Posts Tagged ‘Findings’

—+ Here is the example paragraph shown in the video:


There is also evidence that compulsive buying is negatively correlated with mindfulness. Williams and Grisham (2012) tested this relation by recruiting two community samples in Australia. The first sample consisted of 49 adults who scored above established cut-off scores on two widely-used used compulsive buying questionnaires. The second sample (the “healthy controls”) consisted of 37 adults who scored below the cut-off scores on the same compulsive buying questionnaires. Both groups completed a packet of questionnaires that included a frequently-used measure of mindfulness. As predicted, the compulsive buyer group scored significantly lower in mindfulness than the healthy control group. This research study was limited by a correlational design and modest sample sizes, but had the advantage of using measures that many researchers have tested for reliability and validity.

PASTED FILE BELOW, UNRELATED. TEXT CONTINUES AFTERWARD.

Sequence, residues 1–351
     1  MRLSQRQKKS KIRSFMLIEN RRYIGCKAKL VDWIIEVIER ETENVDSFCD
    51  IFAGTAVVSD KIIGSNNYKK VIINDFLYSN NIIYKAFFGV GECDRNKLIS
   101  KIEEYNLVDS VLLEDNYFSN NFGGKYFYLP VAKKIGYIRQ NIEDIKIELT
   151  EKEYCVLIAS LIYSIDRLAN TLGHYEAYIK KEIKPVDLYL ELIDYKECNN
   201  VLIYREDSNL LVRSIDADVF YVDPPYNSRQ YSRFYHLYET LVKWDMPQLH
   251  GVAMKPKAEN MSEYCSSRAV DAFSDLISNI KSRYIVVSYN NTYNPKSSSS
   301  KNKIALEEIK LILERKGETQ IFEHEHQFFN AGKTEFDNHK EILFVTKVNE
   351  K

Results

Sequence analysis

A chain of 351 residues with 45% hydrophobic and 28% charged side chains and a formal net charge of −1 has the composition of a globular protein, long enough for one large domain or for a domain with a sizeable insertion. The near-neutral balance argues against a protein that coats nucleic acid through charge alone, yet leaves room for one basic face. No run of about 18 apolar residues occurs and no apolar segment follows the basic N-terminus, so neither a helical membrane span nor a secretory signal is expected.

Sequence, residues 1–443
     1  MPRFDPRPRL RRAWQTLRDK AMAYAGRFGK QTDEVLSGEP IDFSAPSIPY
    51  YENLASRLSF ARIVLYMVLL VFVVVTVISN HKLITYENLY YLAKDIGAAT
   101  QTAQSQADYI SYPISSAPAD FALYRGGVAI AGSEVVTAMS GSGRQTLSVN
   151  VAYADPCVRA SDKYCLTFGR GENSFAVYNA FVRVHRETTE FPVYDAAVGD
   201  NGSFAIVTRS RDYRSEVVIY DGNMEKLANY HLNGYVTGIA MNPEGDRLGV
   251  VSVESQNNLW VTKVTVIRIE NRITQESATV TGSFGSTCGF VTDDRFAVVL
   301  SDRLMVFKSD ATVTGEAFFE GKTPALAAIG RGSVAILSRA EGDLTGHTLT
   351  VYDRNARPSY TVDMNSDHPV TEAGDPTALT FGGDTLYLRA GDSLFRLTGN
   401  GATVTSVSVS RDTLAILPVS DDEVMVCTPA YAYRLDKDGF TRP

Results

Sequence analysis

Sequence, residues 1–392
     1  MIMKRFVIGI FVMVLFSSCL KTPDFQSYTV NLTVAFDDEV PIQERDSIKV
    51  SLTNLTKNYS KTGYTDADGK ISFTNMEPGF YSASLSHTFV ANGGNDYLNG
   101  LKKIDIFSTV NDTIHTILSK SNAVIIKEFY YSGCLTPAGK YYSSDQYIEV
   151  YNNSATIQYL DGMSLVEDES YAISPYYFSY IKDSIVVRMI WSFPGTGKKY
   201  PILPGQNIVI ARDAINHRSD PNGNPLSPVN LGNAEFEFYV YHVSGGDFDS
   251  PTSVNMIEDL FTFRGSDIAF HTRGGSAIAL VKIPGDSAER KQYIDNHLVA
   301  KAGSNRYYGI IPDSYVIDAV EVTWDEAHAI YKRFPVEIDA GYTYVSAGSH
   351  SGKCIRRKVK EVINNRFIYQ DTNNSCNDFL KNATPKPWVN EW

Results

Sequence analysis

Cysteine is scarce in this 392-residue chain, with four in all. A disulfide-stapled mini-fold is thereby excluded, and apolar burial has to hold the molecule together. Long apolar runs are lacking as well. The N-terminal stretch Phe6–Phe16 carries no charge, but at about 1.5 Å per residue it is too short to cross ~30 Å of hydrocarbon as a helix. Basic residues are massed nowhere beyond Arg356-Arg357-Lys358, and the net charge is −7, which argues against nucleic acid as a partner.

Here is the paragraph plan shown in the video:


1. Begin with a transition (that’s appropriate for the flow of your paper).
2. Provide a few details about the study method.
3. Clearly and concisely state the finding that is relevant to your paper.
4. To go above and beyond a typical study summary, briefly highlight major strengths and weaknesses of the study.